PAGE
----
The information below should not be construed as legal advice. It is an attempt to explain in easy-to-read language what a grievance is, how to avoid one and how to file one if necessary. You should always talk with your Burlington Education Association (BEA) grievance or building representative if you think you have grounds for a grievance. For details on grievances consult your most current master agreement/contract.

What is the Master Agreement?

Sometimes referred to as our contract, the master agreement is a document negotiated between the BEA and the Burlington Board of School Commissioners. BEA negotiates two master agreements, one for our paraeducators and one for our teachers. The master agreements give us rights and responsibilities in our workplace. They also guarantee compensation and benefits. 

What is a grievance?

A grievance is a claim by an employee, a group of employees, or the Association that there has been a violation, misinterpretation, or misapplication of one or more provisions of the contract.

What are some common grievance sources?

A grievance can arise for many reasons. Some common sources for grievances are:

  • supervision
  • working conditions
  • compensation
  • change
  • pressure
  • ignorance
  • incompatibility
  • disability discrimination

How can we avoid grievances?

Read your contract/master agreement. You don’t have to do it all in one sitting, but it’s important to know your contract. You can also check out our page Know Your Contract on this website which we will be adding to over time.

In addition, administrators should read the contracts of everyone who works in their building. When everyone is familiar with the contract it helps us to avoid grievances which can arise out of ignorance and confusion.

If you think there has been a violation of the contract or just want to better understand your contract, contact your BEA building or grievance representative. A brief conversation with your representative can clarify things for you and if there has been a grievance, it can often be resolved without a long drawn out process.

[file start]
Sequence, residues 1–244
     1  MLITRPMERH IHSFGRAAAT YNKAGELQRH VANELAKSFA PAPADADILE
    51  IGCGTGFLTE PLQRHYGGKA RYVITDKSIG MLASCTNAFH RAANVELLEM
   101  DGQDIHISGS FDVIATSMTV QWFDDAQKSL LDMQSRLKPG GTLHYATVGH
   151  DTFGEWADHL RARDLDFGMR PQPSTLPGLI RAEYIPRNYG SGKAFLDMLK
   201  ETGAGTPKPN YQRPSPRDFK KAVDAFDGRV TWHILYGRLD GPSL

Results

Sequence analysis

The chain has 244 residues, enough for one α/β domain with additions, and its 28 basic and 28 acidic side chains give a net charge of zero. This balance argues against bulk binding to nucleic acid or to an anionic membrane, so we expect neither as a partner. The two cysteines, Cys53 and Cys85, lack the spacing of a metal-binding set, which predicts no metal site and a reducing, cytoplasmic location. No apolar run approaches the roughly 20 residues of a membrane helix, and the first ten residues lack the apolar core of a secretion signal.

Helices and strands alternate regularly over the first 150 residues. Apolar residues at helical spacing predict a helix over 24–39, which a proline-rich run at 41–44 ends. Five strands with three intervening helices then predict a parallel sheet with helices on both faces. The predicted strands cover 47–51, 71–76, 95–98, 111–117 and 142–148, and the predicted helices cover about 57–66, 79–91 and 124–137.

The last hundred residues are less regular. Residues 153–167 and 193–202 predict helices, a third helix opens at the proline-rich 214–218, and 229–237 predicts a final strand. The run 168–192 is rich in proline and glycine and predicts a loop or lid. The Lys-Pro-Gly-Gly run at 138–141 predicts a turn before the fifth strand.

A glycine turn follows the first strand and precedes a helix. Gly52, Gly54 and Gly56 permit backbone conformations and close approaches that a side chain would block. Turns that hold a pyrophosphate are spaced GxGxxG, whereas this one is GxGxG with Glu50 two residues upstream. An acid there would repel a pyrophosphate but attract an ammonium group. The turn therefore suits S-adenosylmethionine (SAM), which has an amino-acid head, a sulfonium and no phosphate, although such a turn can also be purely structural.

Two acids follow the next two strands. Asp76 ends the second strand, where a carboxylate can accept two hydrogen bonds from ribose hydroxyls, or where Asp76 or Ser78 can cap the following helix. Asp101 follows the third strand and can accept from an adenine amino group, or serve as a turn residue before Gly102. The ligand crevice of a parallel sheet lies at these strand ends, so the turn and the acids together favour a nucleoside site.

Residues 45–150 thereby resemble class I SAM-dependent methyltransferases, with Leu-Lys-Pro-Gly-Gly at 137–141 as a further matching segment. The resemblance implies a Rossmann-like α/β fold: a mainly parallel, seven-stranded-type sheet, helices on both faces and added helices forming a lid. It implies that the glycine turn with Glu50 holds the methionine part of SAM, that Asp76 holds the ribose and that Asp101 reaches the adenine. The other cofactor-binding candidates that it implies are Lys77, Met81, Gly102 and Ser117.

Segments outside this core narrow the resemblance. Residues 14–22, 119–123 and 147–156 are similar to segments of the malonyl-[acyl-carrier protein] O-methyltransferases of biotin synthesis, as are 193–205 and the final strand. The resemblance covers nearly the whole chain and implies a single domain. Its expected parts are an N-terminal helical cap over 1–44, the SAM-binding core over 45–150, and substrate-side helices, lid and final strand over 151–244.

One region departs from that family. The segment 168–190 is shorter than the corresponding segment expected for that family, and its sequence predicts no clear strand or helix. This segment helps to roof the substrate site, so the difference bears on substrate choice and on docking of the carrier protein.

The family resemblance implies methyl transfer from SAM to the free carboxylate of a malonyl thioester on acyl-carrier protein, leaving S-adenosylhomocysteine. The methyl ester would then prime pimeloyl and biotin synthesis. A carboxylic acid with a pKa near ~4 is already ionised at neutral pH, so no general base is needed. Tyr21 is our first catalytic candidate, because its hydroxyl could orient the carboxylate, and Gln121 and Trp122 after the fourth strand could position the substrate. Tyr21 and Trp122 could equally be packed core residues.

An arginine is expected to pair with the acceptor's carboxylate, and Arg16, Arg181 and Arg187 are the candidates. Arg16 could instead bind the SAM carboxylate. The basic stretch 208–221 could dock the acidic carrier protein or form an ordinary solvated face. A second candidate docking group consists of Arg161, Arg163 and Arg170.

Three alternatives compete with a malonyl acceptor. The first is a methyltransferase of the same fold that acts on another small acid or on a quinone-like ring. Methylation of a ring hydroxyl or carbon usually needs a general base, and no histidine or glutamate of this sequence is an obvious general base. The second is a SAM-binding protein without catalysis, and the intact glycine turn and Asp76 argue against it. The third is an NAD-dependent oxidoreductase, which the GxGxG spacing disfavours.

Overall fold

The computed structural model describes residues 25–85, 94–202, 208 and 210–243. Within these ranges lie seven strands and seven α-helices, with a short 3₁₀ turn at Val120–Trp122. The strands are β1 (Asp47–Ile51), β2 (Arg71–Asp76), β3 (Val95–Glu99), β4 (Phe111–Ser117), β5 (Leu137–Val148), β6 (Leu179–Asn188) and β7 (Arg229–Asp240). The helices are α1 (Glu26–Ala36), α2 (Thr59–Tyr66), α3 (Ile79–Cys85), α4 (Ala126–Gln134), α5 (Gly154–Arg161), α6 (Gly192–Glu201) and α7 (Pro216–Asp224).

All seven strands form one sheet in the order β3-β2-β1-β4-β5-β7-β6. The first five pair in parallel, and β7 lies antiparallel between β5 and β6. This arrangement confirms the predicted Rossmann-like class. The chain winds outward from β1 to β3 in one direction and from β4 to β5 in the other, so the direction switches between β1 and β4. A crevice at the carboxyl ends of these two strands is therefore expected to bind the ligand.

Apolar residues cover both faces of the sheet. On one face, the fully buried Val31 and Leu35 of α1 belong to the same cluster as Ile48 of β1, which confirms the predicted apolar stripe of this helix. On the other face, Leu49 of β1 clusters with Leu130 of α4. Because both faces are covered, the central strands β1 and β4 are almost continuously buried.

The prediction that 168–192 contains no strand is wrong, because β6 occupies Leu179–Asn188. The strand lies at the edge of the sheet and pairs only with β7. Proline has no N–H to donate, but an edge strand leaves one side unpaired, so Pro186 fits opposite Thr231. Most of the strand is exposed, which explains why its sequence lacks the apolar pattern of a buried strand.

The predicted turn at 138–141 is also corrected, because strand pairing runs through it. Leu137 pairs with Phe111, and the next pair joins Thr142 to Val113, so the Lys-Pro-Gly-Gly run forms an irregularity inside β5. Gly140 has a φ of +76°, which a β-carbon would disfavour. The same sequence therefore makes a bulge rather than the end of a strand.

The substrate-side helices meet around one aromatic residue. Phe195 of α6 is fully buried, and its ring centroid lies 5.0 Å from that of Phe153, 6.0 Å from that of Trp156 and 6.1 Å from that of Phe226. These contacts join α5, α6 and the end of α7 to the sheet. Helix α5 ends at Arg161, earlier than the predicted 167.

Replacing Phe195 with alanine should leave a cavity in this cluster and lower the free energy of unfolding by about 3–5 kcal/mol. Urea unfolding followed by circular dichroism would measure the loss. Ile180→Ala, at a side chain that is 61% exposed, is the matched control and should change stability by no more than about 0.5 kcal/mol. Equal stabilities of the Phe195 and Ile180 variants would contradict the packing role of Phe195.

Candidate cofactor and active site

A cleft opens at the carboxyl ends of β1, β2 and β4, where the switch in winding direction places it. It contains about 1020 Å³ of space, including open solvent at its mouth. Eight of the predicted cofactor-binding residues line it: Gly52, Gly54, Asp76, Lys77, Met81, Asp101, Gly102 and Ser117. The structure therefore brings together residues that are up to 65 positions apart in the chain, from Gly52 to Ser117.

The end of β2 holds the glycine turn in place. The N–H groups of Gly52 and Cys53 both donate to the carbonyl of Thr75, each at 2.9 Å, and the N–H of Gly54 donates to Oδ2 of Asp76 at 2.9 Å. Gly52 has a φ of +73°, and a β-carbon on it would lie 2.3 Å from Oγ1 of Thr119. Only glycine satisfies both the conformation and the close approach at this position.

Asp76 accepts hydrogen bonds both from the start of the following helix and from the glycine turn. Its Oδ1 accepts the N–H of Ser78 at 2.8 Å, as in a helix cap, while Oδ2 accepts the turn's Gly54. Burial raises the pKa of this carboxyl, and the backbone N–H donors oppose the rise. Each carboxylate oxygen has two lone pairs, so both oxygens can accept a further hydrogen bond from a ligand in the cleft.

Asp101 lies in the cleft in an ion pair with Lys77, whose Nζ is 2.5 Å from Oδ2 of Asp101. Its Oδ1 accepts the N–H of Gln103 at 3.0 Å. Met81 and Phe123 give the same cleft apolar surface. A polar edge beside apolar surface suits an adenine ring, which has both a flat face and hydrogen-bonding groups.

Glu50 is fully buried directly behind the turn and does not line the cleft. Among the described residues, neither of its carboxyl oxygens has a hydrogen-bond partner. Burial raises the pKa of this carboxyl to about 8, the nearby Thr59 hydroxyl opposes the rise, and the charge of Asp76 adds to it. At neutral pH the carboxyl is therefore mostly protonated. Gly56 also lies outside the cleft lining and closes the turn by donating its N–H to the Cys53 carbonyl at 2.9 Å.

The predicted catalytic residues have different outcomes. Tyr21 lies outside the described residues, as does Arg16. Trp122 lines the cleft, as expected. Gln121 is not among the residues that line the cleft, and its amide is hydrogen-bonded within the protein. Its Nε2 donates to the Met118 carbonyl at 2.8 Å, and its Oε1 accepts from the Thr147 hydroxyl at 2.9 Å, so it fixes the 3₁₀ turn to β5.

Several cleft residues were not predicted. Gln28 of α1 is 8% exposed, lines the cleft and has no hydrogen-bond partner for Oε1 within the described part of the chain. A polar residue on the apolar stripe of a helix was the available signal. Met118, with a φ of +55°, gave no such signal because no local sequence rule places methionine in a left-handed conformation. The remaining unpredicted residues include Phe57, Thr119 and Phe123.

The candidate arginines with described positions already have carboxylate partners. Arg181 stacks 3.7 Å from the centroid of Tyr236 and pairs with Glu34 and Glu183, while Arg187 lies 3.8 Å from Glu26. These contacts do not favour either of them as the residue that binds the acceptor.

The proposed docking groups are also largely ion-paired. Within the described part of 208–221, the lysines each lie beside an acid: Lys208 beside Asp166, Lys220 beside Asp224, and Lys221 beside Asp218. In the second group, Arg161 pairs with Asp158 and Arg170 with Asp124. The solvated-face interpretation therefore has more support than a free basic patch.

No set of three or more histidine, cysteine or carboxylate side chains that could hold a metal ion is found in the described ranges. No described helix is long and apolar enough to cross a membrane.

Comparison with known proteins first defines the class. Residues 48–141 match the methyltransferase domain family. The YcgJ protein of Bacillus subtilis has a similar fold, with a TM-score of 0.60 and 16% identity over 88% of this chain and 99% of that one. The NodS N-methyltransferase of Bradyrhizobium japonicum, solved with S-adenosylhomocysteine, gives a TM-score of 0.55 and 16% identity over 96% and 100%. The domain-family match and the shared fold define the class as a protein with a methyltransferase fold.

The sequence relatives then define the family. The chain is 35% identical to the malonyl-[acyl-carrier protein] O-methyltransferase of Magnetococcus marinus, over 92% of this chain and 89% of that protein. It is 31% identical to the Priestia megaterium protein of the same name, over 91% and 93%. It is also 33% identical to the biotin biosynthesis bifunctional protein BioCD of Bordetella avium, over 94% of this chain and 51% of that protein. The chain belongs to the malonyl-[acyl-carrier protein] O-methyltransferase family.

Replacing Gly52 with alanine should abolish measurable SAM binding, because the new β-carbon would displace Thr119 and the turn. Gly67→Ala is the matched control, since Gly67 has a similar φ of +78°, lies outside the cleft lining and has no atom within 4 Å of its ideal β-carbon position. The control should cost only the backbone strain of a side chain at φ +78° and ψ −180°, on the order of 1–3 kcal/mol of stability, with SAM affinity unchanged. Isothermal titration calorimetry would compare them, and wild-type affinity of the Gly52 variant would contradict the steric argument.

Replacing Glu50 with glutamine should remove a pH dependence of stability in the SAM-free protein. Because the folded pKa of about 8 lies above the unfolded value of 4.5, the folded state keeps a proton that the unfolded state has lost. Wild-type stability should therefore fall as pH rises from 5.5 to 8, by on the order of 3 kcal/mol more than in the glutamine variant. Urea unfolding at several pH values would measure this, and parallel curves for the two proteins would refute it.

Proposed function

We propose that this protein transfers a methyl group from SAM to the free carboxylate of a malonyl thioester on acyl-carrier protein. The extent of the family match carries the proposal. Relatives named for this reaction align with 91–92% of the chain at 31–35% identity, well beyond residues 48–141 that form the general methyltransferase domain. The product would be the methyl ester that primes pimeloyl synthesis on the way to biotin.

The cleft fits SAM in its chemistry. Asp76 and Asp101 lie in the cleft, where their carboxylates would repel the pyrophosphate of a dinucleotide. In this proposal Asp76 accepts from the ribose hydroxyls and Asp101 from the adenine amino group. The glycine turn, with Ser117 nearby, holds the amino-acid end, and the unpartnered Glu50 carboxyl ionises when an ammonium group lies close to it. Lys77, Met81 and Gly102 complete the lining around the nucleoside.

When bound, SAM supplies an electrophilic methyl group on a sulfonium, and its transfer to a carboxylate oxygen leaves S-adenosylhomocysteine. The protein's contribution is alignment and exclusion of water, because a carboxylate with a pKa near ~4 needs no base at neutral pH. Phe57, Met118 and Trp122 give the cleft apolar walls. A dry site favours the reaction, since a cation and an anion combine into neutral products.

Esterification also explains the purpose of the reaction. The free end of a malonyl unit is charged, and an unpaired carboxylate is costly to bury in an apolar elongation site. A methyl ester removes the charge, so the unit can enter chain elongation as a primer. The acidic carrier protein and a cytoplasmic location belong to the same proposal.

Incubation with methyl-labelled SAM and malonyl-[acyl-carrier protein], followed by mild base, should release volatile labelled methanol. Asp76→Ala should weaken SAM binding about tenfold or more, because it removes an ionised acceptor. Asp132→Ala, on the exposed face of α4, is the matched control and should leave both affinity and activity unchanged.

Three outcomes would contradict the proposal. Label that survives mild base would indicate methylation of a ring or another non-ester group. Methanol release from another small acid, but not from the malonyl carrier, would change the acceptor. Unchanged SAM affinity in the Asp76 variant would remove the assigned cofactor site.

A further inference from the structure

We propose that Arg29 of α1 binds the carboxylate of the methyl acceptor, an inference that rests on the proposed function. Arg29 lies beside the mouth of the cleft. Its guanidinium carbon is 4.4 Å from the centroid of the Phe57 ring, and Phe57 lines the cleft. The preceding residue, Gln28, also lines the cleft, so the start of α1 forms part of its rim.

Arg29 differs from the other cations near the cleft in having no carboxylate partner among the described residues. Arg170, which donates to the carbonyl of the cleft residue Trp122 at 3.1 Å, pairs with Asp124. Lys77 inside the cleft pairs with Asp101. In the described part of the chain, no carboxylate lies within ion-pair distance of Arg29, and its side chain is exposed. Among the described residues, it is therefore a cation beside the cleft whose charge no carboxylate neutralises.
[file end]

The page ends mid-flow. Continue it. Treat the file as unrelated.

Communication and transparency also help us to avoid grievances. Building and central office administrators, paraeducators and teachers need to engage in open and frequent communication.

Finally, trust, respect and a culture of working together can help us to prevent a grievance before it even happens.

Here is some language from the teacher contract that encourages resolution of issues without resorting to the formal grievance process:

Article XX, 20.5  

“The parties acknowledge that it is usually most desirable for an employee and the immediately involved supervisor to resolve problems through free and informal communications and both parties shall cooperate in order to resolve all grievances at the lowest possible Level. When requested by the teacher, the Association representative may intervene to assist in this resolution.”

Is there a timeline for grievances?

Yes. There is a general timeline for grievances. It is critical for you to contact your BEA grievance or building representative as soon as you think there may have been a violation of the master agreement. There are several steps to the grievance process with deadlines for each step. Additionally, there are some things in the contract that have timelines that differ from the general timeline. Communicate with your BEA grievance or building representative as soon as possible.

What forms do I need to fill out?

You will need to fill out the Grievance Form, which you can download below. Make sure that you also read the section that follows so that you will understand all of the steps of the grievance process.

What are the steps of the grievance process?

1.You think that a part of the contract has been violated.
2.You review the pertinent sections of the contract here and make a note of the contract section which has been violated.
3.You meet with a Building Rep for advice.  If they agree the contract has been violated, they’ll help you remedy the situation at the Informal Level (the two of you will meet with a Building Administrator).
4. The Building Administrator will either:
  • rule in your favor, discontinue the violation, and perhaps remedy any harm, orrule against you.
5. You and your Building Rep still believe there has been a contract violation so you file a formal, Level One Grievance using a Grievance Form.
6. You meet again with your Building Administrator to present your case more formally.
7. The Building Administrator will either:
  • rule in your favor, discontinue the violation, and perhaps remedy any harm, or
  • rule against you.
8.You and your Building Rep still believe there has been a contract violation, so you meet with the Grievance Chair
9.The Grievance Chair agrees there is a contract violation so they file a Level Two Grievance.
10. The Grievance Chair and/or you and/or your Building Rep meet with the Superintendent (or their representative) to argue your case.
11. The Superintendent will either:
  • rule in your favor, discontinue the violation, and perhaps remedy any harm, or
  • rule against you.
12. The Grievance Chair still believes there is a contract violation and files the case at the Arbitration Level (to be adjudicated by a neutral arbitrator).
13. The Grievance Chair and the Superintendent present their case to the Arbitrator.
14. The Arbitrator will either:
  • rule in your favor, order that the violation be discontinued, and perhaps order that any harm be remedied, or
  • rule against you.

It is desirable to resolve the issue at the earliest possible step. Time, energy and money is spent on a grievance. If an issue is resolved early in the process, all parties involved can go back to our core mission of educating students.

You may also contact BEA’s Grievance Chair J.P. Gagnon at

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